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Mass for prisoners of conscience Burge, John David Bryson

Abstract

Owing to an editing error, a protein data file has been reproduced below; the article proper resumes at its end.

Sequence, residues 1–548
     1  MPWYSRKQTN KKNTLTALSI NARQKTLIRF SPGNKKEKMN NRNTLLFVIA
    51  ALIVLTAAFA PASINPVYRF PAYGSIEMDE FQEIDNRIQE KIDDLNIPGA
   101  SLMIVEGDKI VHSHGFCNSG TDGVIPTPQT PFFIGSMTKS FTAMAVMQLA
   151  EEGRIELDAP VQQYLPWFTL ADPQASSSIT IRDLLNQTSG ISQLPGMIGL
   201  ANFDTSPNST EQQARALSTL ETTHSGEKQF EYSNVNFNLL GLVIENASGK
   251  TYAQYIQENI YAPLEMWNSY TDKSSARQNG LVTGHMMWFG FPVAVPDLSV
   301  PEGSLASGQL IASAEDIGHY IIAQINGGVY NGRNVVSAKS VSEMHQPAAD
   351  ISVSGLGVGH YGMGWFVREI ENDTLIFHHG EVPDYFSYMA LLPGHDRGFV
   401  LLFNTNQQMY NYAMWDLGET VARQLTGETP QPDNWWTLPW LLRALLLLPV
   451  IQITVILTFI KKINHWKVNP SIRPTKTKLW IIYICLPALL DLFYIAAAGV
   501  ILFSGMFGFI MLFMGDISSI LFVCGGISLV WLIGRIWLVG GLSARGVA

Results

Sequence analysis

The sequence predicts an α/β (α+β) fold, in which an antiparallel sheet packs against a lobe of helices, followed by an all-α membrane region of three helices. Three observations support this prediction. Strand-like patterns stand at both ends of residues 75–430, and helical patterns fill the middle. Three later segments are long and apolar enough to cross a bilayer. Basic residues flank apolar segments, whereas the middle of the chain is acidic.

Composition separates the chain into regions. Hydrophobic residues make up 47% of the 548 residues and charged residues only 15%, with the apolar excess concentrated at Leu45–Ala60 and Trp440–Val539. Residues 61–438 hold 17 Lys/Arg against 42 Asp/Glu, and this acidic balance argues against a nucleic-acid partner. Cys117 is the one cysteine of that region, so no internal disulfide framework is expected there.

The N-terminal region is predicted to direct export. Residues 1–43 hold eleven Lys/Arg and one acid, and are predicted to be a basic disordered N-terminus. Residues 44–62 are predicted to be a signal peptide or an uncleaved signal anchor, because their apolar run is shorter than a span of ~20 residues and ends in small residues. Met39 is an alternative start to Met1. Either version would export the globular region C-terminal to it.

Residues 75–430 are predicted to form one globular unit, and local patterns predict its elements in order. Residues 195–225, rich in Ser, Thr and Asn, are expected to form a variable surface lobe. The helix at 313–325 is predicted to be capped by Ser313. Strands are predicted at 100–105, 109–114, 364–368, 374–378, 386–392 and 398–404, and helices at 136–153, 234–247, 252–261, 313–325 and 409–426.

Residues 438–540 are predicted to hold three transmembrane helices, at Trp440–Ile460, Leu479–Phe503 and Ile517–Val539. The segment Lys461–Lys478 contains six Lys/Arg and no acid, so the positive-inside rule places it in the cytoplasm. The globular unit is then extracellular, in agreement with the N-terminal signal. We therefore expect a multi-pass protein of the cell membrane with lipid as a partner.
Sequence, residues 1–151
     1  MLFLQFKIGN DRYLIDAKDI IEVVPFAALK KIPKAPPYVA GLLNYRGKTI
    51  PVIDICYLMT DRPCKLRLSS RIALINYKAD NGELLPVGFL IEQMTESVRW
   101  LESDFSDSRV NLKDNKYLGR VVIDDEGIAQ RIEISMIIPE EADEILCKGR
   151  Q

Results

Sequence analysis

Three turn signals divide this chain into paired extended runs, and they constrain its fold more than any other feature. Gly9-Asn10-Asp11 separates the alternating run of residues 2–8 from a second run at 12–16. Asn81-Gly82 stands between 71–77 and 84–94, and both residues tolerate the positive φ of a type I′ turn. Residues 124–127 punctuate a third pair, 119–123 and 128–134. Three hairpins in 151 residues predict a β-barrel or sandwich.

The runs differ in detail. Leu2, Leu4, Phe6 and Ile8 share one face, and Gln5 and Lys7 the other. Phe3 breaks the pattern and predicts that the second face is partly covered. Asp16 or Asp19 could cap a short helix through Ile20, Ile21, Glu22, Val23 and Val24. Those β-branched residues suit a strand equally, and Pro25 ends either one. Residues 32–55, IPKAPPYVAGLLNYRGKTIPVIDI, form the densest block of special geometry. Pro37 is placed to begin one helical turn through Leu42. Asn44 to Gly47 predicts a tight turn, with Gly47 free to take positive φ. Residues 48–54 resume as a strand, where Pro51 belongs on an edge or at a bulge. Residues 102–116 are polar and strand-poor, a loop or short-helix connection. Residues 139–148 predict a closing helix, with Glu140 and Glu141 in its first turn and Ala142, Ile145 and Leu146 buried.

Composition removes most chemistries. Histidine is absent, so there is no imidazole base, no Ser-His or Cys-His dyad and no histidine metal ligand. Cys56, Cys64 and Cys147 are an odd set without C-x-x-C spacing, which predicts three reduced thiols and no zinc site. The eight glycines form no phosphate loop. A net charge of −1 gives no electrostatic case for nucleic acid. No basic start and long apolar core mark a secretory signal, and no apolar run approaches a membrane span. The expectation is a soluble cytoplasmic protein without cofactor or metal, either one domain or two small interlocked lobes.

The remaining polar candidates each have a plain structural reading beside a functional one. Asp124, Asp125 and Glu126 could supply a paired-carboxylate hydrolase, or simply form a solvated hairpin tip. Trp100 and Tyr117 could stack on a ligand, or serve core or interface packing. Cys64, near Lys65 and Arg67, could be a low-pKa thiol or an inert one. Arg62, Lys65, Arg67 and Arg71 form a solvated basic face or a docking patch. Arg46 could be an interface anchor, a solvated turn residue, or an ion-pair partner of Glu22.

Mass for Prisoners of Conscience is a sixty-minute composition scored for Baritone, Mezzo Soprano and Child soloists, Choir and Chamber Orchestra. In the work the soloists sing settings of first-hand accounts of political prisoners and their families in English. Although the original accounts are unrelated and drawn from events that occurred in different countries, in the work they are presented in a narrative fashion with the soloists personifying the roles o f a father, mother and child. These accounts or testimonials were provided by Amnesty International, to whom the work is dedicated. Surrounding the solo settings, the choir sings, in Latin, portions taken from the liturgical Mass. Like the chorus in a Greek tragedy, the choir comments on both the emotions and situations that are expressed in the solo movements. As this is accomplished musically, the work relies heavily on the motivic and structural connections that are repeatedly made between different sections of the Mass. In some instances, the musical setting becomes symbolically representative of the situation that is found in the text. For example, in the sixth movement, the baritone describes in first-person a prisoner's confinement, which the string section of the orchestra mirrors by surrounding the vocal line with eleven possible transpositions of the baritone's melodic line. In addition to the string section, the chamber orchestra consists of four solo winds, four French horns, piano and percussion. The four French horns not only add a darker colour to the instrumental sound, but, when the text requires it, their fanfare-like music can help project a militaristic feeling. With a battery of twelve instruments, the percussionist also adds colour to the music, and, by projecting some of the important rhythmic activity, helps to better articulate the different sections of the Mass. The work was commissioned by Vancouver's Christ Church Cathedral Choir, through funding provided by The Canada Council, marking the occasion of the Church's 150th anniversary. It will receive its premiere performance in the spring of 1990.

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